Not a King’s Court

Fordham’s women’s basketball reached a pinnacle of their sport in a sea of empty bleachers and, even in defeat, deserve more from their community.


Following a 62-47 victory over Virginia Commonwealth, women’s basketball celebrates their Atlantic 10 Championship and automatic NCAA Tournament berth. Photo Courtesy of Austin Moriasy.


To anyone not paying attention, it must have come as a surprise to see Fordham women’s basketball roll through the Atlantic 10 and enter as a 14 seed in the NCAA Tournament last Saturday. In the Round of 64, they played the 3 seed, Syracuse University, a team that had thrived in much deeper waters than the Rams had tread in the Atlantic 10. In this difficult position against a superior team, Fordham did not go easily but was eventually defeated soundly by a 70–49 score, eliminating them from the national tournament.

To the average bystander, a 21-point defeat in the NCAA Tournament would be seen as a disappointment. There are programs that expect success from all of their sports, and a first-round exit would then be considered a failure.

To the chagrin of some Fordham Sports fans, however, this women’s basketball team has proved to be the most successful team on campus this year. In addition, national recognition is a rare feat for Fordham athletics, and women’s basketball achieved it despite falling short against a superior Syracuse team. Even as Fordham’s most decorated team, the spotlight on their success remains dimmed, and the crowds were always sparse compared to their male counterparts. They had to constantly work within the stereotype of women’s basketball as a joke.

Throughout the season, Fordham was nearly unstoppable in the Atlantic 10 conference. Before entering conference play, the Rams participated in invitationals with the top teams in the country, and at this level, the Rams’ competed in a way few expected of them. Against their conference rivals, they dominated, compiling a 13–3 record.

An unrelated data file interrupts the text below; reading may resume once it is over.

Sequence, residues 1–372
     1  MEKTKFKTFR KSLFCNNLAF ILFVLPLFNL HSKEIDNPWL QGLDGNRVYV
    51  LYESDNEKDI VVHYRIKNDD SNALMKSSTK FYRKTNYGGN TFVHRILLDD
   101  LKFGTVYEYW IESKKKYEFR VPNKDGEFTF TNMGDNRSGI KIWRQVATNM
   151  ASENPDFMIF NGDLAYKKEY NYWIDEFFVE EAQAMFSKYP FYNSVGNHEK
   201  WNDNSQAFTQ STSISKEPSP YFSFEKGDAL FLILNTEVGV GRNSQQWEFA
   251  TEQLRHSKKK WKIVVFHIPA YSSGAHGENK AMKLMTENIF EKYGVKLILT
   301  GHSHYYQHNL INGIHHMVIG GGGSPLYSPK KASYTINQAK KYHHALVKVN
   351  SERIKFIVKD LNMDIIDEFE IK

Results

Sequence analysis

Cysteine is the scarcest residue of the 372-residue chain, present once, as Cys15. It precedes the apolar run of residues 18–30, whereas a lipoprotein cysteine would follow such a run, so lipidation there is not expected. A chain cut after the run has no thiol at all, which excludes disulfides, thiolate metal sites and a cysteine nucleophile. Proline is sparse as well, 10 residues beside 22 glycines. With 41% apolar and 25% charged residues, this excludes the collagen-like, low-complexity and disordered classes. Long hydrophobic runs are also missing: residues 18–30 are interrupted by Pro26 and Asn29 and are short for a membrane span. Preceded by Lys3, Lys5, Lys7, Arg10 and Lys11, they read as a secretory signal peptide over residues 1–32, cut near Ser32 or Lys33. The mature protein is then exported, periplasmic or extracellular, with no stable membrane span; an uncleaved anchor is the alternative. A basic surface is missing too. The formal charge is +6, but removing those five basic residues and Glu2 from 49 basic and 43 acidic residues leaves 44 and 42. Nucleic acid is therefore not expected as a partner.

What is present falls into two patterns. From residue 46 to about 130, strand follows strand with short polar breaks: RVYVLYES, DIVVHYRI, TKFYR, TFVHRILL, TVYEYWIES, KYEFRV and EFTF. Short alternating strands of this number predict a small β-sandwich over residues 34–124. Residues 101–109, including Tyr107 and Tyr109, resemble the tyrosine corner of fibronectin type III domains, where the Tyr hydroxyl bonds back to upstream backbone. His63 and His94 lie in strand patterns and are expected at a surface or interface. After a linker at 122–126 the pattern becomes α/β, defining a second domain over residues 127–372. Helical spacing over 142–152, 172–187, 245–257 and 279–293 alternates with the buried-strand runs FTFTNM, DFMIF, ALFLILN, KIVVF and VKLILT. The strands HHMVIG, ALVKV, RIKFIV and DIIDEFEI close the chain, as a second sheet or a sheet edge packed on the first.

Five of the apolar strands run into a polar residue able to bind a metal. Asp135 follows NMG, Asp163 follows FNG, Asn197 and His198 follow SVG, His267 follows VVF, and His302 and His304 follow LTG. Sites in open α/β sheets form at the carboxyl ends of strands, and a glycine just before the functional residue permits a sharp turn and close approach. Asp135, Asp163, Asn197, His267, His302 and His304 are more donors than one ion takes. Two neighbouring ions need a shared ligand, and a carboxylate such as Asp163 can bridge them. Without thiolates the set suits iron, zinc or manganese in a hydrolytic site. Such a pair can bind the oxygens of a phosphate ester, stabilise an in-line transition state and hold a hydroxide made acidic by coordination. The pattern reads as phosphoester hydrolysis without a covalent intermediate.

Earning the 2 seed in the Atlantic 10 Tournament, they completely dismantled their competition, defeating UMass, Duquesne and Virginia Commonwealth in short order to win the championship and a berth in the NCAA Tournament. In those three games, they won by a combined score of 211–143.

Though players like Lauren Holden, Fordham College at Rose Hill (FCRH) ’19, and Mary Goulding, FCRH ’19, proved to be great performers and leaders, Fordham’s success was largely driven by redshirt sophomore Bryson Cavanaugh, FCRH ’21. Cavanaugh led Fordham to many key victories and was especially dominant during their tournament run, averaging 23 points per game during that stretch.

This team was any basketball fan’s dream: a team with senior leadership bolstered by the spectacular play of an up-and-coming phenom. But for the majority of the season, Fordham women’s basketball saw very small attendance numbers.

A lack of attention on campus can be viewed as part of a larger dismissal of women’s athletics, and to a degree, that is a strong point of contention. During a conversation about March Madness, a Fordham alum, who has asked to remain anonymous, said that the Fordham basketball program needed work. When reminded of the women’s success, he responded, “Sure, but what are we focusing on really?”